Saying, "this is a very sad occasion for all of us," Frank E. Taplin, president of the Metropolitan Opera Association, announced yesterday that the Met has canceled its entire season because of failure to reach agreement with striking musicians.
It was the first time in this century that the Met has canceled a season. The dramatic announcement was made at a press conference in the opera hall's List Hall.
"The executive committee has voted unanimously to cancel the '80-'81 season," Taplin said. "The committee acted upon the unanimous authorization of the board of directors."
"We are at the mediator's call," said the opera's executive drector, Anthony A. Bliss. "However, I do not see any possible resolution in time to operate this season. If such a resolution occurred within a few days, we would do our best. After Thursday, the singers in the company may take engagements elsewhere. At that point, directors and conductors and singers would have other dates and it would be a question of availability. But I do not see any such possibility."
Taplin said negotiations broke down over the orchestra's demands for a four-performance week. "They want pay for four performances per week this season equivalent to that which they were paid for five performances last season. We cannot negotiate on that issue. In addition, there are 17 unions with whom we must sign contracts. There is a ripple effect in the unions, and they would want percentage increases to match the orchestra's gains."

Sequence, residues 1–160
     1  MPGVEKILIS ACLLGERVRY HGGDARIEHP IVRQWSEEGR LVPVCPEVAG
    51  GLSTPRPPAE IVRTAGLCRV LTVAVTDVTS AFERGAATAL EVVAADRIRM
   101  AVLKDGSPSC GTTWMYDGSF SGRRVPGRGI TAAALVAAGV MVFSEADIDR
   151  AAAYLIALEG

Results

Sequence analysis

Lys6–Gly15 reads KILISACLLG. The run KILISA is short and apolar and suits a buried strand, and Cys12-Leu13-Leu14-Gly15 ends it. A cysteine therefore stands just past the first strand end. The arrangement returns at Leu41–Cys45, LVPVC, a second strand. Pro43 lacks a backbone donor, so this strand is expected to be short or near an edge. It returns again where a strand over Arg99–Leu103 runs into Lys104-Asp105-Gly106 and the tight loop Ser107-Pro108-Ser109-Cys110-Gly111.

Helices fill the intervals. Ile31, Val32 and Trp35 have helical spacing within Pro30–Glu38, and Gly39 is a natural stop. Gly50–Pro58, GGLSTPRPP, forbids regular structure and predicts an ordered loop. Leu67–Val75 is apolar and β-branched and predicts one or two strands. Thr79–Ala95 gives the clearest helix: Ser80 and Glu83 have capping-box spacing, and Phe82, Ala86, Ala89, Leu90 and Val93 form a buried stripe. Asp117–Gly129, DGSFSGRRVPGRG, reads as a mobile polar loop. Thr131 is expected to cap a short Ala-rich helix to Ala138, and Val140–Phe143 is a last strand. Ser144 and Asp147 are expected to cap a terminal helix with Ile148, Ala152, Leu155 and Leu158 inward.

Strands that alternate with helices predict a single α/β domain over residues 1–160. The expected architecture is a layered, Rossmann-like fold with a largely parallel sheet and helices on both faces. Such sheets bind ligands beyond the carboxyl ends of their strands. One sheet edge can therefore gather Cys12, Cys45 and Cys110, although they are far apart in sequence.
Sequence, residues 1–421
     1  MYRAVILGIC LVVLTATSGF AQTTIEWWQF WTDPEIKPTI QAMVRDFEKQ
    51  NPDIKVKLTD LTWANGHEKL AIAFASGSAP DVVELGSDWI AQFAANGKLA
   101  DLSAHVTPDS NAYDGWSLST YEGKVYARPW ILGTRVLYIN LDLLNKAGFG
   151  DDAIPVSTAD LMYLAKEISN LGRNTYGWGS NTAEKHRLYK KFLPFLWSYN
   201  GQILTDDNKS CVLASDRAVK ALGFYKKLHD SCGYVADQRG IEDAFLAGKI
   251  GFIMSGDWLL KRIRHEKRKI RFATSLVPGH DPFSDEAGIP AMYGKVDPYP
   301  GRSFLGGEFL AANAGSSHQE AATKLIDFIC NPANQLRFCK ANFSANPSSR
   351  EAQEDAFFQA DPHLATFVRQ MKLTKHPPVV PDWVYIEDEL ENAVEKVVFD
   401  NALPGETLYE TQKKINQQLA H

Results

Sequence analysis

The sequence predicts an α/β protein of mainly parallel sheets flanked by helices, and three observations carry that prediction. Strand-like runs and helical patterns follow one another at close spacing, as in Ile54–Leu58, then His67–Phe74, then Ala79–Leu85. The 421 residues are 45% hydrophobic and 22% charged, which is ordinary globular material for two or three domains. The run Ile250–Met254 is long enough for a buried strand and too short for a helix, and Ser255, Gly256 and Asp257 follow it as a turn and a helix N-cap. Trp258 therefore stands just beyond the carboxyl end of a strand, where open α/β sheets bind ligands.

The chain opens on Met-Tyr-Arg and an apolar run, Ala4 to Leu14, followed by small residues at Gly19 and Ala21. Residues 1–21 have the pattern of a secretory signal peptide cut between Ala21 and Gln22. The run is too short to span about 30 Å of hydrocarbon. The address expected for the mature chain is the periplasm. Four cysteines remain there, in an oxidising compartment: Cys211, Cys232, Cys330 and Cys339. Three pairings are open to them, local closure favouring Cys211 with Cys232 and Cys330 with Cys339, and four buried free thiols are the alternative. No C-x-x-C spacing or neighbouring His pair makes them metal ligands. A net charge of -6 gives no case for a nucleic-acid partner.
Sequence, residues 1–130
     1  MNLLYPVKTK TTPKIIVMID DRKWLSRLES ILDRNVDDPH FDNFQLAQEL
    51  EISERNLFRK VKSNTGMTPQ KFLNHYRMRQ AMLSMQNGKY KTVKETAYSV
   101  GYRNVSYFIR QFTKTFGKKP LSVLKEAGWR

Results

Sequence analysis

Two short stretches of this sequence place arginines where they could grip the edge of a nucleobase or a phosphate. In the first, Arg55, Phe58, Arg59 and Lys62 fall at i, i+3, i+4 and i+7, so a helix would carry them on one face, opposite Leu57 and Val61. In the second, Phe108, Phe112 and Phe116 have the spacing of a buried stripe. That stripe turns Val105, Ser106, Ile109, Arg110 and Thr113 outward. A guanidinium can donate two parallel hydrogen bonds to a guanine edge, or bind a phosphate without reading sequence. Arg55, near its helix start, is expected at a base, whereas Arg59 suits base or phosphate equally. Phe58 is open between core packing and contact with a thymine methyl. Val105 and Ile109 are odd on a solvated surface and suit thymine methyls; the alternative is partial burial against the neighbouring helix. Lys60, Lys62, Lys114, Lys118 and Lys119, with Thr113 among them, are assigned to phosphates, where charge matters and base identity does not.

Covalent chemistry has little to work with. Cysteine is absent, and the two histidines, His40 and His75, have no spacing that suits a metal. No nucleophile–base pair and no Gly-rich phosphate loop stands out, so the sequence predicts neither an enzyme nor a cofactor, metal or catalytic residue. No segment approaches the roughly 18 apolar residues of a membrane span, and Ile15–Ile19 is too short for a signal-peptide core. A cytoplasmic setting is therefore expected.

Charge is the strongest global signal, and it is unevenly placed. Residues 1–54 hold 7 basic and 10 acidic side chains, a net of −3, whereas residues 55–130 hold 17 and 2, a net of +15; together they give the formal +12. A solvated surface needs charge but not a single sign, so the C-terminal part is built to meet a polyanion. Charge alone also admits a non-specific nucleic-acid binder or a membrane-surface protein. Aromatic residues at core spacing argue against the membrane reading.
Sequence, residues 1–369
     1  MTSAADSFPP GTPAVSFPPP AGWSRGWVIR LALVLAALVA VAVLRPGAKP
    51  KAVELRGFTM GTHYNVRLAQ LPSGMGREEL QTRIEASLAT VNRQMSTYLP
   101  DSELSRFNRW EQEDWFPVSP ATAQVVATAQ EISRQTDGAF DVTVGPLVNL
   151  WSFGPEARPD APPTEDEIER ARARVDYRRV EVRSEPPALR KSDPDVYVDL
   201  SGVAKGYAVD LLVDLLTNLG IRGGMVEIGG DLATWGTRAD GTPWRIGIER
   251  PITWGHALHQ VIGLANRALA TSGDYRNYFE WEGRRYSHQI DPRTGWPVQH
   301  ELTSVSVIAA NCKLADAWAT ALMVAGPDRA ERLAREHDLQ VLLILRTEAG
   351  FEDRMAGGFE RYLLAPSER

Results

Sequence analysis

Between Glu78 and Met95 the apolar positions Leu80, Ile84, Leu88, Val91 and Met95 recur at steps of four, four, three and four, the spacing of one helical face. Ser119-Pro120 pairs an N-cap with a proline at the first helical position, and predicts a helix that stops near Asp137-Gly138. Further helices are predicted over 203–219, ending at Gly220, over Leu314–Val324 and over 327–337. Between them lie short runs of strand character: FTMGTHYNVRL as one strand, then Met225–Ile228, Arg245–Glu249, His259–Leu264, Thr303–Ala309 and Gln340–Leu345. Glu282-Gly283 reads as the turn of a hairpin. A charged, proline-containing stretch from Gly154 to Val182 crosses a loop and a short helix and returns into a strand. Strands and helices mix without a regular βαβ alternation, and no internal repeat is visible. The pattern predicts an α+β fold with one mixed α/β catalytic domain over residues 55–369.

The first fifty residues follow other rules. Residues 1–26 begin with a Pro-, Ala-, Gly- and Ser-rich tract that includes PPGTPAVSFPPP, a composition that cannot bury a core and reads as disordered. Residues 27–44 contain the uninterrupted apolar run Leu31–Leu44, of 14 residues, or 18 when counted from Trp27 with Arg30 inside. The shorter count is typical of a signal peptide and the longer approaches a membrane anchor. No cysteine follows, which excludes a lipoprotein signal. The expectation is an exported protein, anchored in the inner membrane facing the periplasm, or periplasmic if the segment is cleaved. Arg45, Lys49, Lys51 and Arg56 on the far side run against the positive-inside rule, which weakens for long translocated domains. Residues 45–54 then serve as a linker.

Noting that the cancellation will put some 1,200 to 1,500 Metropolitan employes out of work, Bliss said, "The most tragic effect of this will be for the chorus and the ballet and the others who are not in this fight. But we simply cannot afford to put on a patched-together season and expect to live up to the artistic standards our audiences and contributors rightly demand. We cannot put the Met back into red ink without losing our donors. . . "
"Nothing will happen unless the orchestra stops acting like lemmings."
Picketing union members were bitter at the news of the cancellation. One man said, "we have not had one negotiating session. We have had dictating sessions, all one-sided. But Bliss is walking the plank."
William Shuman, the famous American composer, said while walking across the great plaza in front of the opera house, "It is horrible to think that the Metropolitan might actually close down."
Texaco announced at noon yesterday, before formal word of the action was out, that in the event of a cancellation they would carry on with their weekly broadcast of operas as they have done for nearly 800 performances from the stage of the Metropolitan. There will be the usual intermission features, but the music will be heard via recordings. All of the operas scheduled for the season are available on records.